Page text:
© OECD 2009 . Furthermore. even more precisely. The capacity of the government to improve resource allocation depends on access to information and its capacity or efficiency in creating or transferring information. thus can enhance efficiency with Pareto gains. economics has still a lot to say in terms of the effectiveness of a measure to achieve such an objective. Information asymmetries and transaction costs The difficulty in developing risk markets when information is asymmetrically distributed was already mentioned in the discussion above on insurance 3. on his access to consumption2 and the corresponding variability. Does the economy provide the ―correct‖ set of markets? If this is not the case. the government may try to establish or develop the basis for the creation of new risk related markets. But if this is the objective per se. This section also implements a positive observational approach to identify the potential role for the government: market creation. Given the existing markets. the support component of government risk management measures and the difficulties of dealing with catastrophic risk. and we cannot be sure about the direction of the bias. the objective of reducing variability of prices faced by farmers may look economically awkward because farmers’ welfare depends on his income or. It is common to have redistribution objectives. Other issues discussed in this section are the interaction between government policies and market strategies. Or in more political economy terms. not only because of information asymmetries. standard welfare economics is not very promising nor directly applicable when analysing risk management issues. The main potential for market failure in risk related markets is due to the existence of information asymmetries and transaction costs associated with the access to market relevant information. The extent to which these objectives are ―good‖ objectives is a political question that economists cannot answer. interaction with other strategies to reduce risk. government’s objective is to react with some relevant action when farmers ―suffer‖ or are seen as ―vulnerable‖. are resources efficiently allocated? If not. Government may have objectives other than increasing efficiency. 2002). information asymmetries or high information-related transaction costs are very likely to occur in relation to this basis risk.RISK MANAGEMENT IN AGRICULTURE: A HOLISTIC CONCEPTUAL FRAMEWORK – 29 The potential role of government As we have seen. changing market incentives. It can be shown that reducing transaction costs expands the feasible set of outcomes and. In this context two questions are relevant in terms of the role to be played by the government. but also because of potential discovery costs for all agents. MANAGING RISK IN AGRICULTURE: A HOLISTIC APPROACH (EXTRACTS). The transaction costs of information can be large in agricultural insurance markets. farmers. They represent frictions in the functioning of the markets and can explain the existence of incomplete markets or incomplete contracts (Chavas and BouamraMechemache. Since the farmer is better placed than anyone else to know about the distribution of his basis risk. per se. This depends on many other components and circumstances and it is not automatically correlated with price variability. there may be some role for government improving welfare. For instance. and efficiency and redistribution implications. inter alia. reduction/ mitigation and coping with risk. especially in the case of events that put particular economic stress on specific agents. impacts on farm household income variability. The market outcome may not be Pareto optimal. Sometimes these objectives are expressed in terms of reducing some particular risk or variability. Information is costly. Information is crucial to develop efficient insurance contracts and risk related markets. ―competitive market structures (with a large number of traders) are unlikely to arise under high transaction and information costs‖.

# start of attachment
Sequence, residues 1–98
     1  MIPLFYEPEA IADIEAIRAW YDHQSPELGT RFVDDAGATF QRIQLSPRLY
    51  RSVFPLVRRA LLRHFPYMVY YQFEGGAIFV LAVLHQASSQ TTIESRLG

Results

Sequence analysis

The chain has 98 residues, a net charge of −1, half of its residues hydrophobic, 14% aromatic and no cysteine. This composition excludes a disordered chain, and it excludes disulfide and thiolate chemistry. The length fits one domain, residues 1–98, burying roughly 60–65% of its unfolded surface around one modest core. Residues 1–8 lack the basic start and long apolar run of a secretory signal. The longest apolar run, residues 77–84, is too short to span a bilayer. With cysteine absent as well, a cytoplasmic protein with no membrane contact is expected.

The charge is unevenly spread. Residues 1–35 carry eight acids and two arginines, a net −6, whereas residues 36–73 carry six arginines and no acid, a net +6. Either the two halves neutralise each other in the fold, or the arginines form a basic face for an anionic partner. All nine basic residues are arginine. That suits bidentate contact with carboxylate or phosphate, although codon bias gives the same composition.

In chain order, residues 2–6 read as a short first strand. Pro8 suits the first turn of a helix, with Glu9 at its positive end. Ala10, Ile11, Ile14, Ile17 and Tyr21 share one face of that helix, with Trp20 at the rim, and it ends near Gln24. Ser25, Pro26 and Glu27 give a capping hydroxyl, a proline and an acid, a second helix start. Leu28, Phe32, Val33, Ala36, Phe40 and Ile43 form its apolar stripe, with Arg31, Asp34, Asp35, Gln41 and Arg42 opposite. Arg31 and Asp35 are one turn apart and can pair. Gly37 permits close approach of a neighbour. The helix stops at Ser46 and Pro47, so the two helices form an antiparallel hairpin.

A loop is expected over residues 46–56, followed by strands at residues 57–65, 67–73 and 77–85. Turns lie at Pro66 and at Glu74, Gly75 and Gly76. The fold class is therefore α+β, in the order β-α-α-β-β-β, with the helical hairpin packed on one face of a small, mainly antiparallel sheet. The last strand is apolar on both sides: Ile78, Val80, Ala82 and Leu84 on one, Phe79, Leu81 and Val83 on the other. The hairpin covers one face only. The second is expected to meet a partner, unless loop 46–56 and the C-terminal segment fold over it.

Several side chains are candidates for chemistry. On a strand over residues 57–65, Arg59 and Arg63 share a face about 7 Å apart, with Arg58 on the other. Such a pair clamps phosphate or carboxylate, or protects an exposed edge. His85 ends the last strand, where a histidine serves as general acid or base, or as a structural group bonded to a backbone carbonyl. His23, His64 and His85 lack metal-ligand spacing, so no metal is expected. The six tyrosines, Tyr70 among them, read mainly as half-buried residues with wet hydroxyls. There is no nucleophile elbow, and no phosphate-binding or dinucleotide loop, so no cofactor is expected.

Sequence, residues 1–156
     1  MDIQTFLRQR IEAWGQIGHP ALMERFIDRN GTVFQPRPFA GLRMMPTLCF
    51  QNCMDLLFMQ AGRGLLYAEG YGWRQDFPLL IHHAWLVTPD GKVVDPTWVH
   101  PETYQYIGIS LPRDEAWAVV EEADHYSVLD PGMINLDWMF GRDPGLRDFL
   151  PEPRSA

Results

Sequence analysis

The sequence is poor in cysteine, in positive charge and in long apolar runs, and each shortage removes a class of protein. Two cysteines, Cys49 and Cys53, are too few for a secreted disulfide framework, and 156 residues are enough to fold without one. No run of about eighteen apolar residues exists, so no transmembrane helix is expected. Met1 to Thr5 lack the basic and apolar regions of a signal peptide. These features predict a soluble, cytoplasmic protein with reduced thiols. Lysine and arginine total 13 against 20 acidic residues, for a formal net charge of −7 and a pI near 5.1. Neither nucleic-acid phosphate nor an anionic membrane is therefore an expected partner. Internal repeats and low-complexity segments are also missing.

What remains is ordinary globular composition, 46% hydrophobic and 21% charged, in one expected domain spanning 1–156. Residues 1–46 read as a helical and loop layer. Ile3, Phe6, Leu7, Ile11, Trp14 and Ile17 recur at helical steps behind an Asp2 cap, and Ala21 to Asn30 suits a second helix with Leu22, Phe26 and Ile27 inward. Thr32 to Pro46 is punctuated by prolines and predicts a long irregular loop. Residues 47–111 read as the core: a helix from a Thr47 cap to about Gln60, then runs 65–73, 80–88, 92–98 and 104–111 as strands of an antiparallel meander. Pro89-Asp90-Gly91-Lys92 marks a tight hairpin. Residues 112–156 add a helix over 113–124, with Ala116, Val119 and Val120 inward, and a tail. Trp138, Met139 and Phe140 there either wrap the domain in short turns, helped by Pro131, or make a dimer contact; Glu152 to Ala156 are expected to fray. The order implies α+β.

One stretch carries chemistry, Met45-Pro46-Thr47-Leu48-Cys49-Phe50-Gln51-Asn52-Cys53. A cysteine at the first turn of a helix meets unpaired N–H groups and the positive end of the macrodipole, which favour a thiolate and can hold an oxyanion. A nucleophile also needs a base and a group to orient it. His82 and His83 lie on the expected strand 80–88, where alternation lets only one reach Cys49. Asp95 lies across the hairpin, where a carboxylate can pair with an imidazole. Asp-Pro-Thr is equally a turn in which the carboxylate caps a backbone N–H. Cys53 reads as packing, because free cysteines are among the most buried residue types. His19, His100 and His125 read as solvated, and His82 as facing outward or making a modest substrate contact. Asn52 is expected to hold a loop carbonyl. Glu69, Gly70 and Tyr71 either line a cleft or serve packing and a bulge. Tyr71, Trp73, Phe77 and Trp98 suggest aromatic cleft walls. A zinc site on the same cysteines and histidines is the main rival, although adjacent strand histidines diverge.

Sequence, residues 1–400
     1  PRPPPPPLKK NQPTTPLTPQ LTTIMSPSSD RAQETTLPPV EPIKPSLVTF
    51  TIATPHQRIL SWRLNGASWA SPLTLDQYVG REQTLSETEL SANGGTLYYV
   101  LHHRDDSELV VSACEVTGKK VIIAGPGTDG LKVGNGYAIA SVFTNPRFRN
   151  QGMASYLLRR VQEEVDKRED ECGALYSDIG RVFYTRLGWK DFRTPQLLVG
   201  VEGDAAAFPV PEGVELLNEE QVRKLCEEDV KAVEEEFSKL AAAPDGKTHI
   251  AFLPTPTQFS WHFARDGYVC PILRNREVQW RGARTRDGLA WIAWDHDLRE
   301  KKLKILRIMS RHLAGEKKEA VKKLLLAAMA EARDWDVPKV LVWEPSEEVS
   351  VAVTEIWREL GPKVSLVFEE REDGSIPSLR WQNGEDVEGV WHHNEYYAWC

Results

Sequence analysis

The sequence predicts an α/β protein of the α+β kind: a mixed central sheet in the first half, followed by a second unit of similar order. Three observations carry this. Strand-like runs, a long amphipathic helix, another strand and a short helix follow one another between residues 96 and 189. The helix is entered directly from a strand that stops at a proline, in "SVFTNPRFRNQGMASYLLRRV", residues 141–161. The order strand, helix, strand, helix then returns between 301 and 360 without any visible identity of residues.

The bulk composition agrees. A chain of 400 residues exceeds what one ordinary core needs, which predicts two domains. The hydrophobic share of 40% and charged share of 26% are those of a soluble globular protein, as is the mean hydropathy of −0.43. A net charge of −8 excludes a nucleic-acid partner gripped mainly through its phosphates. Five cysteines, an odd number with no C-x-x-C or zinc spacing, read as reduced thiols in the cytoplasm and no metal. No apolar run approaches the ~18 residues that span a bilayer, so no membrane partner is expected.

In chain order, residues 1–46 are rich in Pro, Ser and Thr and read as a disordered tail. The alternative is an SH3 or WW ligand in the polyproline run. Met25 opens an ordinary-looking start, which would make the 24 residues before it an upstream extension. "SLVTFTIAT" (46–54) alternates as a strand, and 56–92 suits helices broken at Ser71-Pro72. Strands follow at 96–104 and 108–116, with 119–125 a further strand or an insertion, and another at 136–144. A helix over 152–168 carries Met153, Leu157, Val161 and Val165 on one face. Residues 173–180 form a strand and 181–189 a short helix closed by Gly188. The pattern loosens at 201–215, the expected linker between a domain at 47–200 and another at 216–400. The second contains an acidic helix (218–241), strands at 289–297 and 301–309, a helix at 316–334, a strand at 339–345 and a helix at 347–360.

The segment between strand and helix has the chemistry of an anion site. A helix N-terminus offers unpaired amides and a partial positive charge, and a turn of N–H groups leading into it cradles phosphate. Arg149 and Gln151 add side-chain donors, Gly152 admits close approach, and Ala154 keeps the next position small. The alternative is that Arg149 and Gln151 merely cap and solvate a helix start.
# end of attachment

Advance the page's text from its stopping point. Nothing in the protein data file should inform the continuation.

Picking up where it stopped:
In the area of risk in agriculture this could occur when one farmer’s mitigation efforts also mitigate the risk faced by other farmers or agents in the economy. This is the main idea behind the new institutional economics (Menard and Shirley. When a farmer vaccinates his animals. often through international reinsurance companies. These transactions costs will be reflected in the market capacity to exchange these risks.. Pooling price risk between sellers and buyers is the basic idea behind the futures markets and vertical integration or contracting arrangements. The exposure of companies insuring for this risk can be high and reinsurance. The arguments of some authors in favour of a public good aspect of risk in general (Newbery. It could even be argued that the continuity of the farming business could be questioned because of short term liquidity constraints. particularly in terms of mechanisms to share information about risk. At a regional or national level. In this situation it can be argued that the welfare loss of those directly suffering the damage directly affects the welfare of other members of the society. and for specific agricultural contracts like sharecropping. The potential public good characteristics of risk become evident only in the case of a systemic catastrophic risk that affects a whole region or country. Applied to risk management in agriculture it provides the basis for on-farm strategies. so that the total damage is limited. they are hard to pool with a view to reducing variance. When transaction costs associated with developing or using market instruments are significant. 2005). Sometimes the transaction costs approach to information asymmetries is opposed to the traditional Principal-Agent model (Allen and Lueck. The first and best known is the existence of externalities with some public goods characteristics when the actions of one agent affect the utility or production sets of other agents. despite the development of reinsurance markets. Coase. may be needed to facilitate risk diversification. But farmers’ price risk is negatively correlated with the pri ce risk of buyers of agricultural products. intra farm-household arrangements and decisions. 2008): by reducing his own risk the farmer can also reduce the risk (and improve the welfare) of others. However. Scope for market failure There are several circumstances under which market failure might occur (Mas Collel 1995). even if both approaches bring consistent explanations as to why a market does not exist and the possibility of developing alternative institutions and contracts that facilitate risk management. pooling and sharing. more efficient solutions can be found within appropriate institutional frameworks.30 – RISK MANAGEMENT IN AGRICULTURE: A HOLISTIC CONCEPTUAL FRAMEWORK When risks are positively correlated among agents. 2005. or there is a social preference to help those affected. In well developed markets this can be done with relatively low transactions costs. Some authors also argue for the public good characteristics of information about distribution of relevant variables such as prices (Newbery and Stiglitz. 1989) are more difficult to sustain. This can be the case in some specific examples such as the control of epidemic diseases or on-farm flood control investment (Morris et al. Prices are typically highly correlated and are a source of systemic risk among farmers. there may be high transaction costs associated with managing portfolios with significant elements of highly correlated agricultural risks. 1937). production/yield risks are correlated. Yields across different regions in the world tend not to be correlated and there is more scope for risk pooling. New institutional economics can help to clarify the potential role of government in building the appropriate institutions. It can also be argued that a quick recovery after a systemic catastrophic event can facilitate a good working economy and generate positive spill-overs in other regions or sectors in the economy. he simultaneously reduces the risk of contagion of his herd and prevents the spread of the disease to other herds. 1981) MANAGING RISK IN AGRICULTURE: A HOLISTIC APPROACH (EXTRACTS)© OECD 2009 .